Training Both ends of the leash


Please Read Our FAQ Section If You Want To Know More About Us:

Q: What does “training both ends of the leash” mean?
A: Training both ends of the leash means both owner and dog must be trained so you both can work together to develop a common language and means of communication. For your dog to be successful in obedience, it is imperative you (the owner) take an active role in maintaining the dog’s obedience skills. The trainer teaches the dog the obedience, and sets a solid foundation. It is imperative you maintain this foundation and incorporate the training into the dog’s everyday life. If you fail to follow the guidelines for reinforcing the dog’s obedience, the dog will not reach his full potential and successfully maintain his obedience skills to his/her full potential.

Q: How old should my puppy be to start obedience training?
A: We believe you should start working with your puppies the day you get them. Most breeders start some puppies with initial steps of socialization. Between 8 to 16 weeks, we believe socializing and interacting with your puppies are of the utmost importance. At 16 weeks, it is now time to involve your puppy in a formal obedience. This is the time your puppy is maturing and starting to think like an adult.

Q: Will my dog be kept in a kennel or a crate most of the day?
A: Our goal is to have your dog in a kennel on a limited basis. Integrating your dog into our family alleviates your dog’s stress, and it helps us learn more about your dog’s needs. They become a part of our family and our family activities. Undue stress may result if your dog is kept in a crate or kennel for long periods of time. This stress may hinder the dog to learn optimally.

We do utilize quiet time after each training session so the dog can process the training session. However, if your dog has a behavioral issue like aggression, until this behavior is under control, it would not be allowed to integrate in our home. In this case, crate or kennel would be utilized. In this case we would assure your dog will get a lot of outside play time and activity.

Q: Do you accept dogs, who are not house trained?
A.  No, all dogs must be house trained before acceptance into the board and train packages.  However, if you need help house training your dog,  we will be happy to offer a behavioral consult to you and help you set up a training approach for you and your dog.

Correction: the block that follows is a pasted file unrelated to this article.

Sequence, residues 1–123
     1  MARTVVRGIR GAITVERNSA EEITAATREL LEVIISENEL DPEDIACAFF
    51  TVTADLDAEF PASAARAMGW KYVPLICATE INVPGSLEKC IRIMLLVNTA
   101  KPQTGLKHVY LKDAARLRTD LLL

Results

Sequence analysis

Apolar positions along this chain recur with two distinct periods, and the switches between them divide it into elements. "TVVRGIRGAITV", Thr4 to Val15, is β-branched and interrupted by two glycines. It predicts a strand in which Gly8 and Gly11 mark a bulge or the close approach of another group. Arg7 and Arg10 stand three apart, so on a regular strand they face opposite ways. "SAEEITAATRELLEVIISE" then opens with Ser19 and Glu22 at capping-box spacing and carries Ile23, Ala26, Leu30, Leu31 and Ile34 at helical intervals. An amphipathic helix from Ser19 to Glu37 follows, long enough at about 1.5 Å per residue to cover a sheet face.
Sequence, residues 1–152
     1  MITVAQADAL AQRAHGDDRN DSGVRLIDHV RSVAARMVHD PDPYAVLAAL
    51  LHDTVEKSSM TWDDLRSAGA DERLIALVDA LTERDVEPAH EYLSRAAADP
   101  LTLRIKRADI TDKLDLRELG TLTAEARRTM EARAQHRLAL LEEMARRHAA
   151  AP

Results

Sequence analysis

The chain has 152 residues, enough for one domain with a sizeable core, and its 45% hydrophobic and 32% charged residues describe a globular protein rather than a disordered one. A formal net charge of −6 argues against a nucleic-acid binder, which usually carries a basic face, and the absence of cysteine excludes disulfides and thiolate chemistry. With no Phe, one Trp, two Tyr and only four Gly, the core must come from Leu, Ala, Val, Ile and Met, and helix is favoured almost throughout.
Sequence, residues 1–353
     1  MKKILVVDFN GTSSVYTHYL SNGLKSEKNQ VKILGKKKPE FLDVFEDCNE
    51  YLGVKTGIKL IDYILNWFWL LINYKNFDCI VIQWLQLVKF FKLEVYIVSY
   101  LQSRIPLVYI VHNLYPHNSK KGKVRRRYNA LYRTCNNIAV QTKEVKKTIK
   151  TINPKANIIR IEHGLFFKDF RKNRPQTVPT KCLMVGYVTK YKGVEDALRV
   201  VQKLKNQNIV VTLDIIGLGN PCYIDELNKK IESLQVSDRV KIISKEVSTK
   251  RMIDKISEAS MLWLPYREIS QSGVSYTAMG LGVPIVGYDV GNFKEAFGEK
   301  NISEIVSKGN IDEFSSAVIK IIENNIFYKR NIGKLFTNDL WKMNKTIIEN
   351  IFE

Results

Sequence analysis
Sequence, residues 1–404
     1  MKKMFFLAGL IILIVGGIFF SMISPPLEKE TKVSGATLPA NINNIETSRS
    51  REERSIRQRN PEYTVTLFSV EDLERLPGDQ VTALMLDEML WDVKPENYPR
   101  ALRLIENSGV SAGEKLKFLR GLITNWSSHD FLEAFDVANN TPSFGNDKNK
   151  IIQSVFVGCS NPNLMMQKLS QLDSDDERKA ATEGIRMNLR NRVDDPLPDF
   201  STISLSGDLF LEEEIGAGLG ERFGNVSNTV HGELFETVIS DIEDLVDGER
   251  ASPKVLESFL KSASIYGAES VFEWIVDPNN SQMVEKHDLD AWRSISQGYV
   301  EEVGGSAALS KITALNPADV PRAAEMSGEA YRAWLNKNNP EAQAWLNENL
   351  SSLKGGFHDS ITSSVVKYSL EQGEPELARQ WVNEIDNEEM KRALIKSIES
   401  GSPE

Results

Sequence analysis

Q: Is my dog too old to be trained in obedience or to fix a behavioral problem?
A: A dog is never too old to be trained. We have trained many older dogs who have shined in obedience training with our balanced method, they are trained out of behavioral issues such as pulling on the leash, barking, nipping, jumping, and aggression. The longer the dog has been allowed to behave in a particular manner, the longer the dog has conditioned himself to believe that is acceptable behavior. So, an older dog could be more difficult to train, specifically with behavioral issues.

Q: Will my dog remember me when he/she comes home from a Board and Train?
A: Yes, your dog will remember you and your home and will not think that he or she has been abandoned by you. Your dog will be most excited to see you. However, there is a critical transition period, where we must work with you closely to teach you the skills to maintain the obedience and build a lasting relationship with you and your dog.

Q: Why do you take field trips?
A: We believe taking the dog on field trips is an important step in proofing their obedience. We frequently hear from our clients that their dog acts fine at home but not when they are out. The field trips gives us the ability to detect environmental triggers and to develop a training approach to deal with each problem area.

Q: What is a Balanced Trainer?
A: A Balanced Trainer recognizes dog training is not a “one size fits all approach”.  Balanced trainers don’t limit their training skills to a pre-defined protocol or rules.  They set a training plan, which defines each dog as an individual. This gives the trainer the ability to respect each dog’s personalities, training needs, and goals. Think of it as a customized training approach.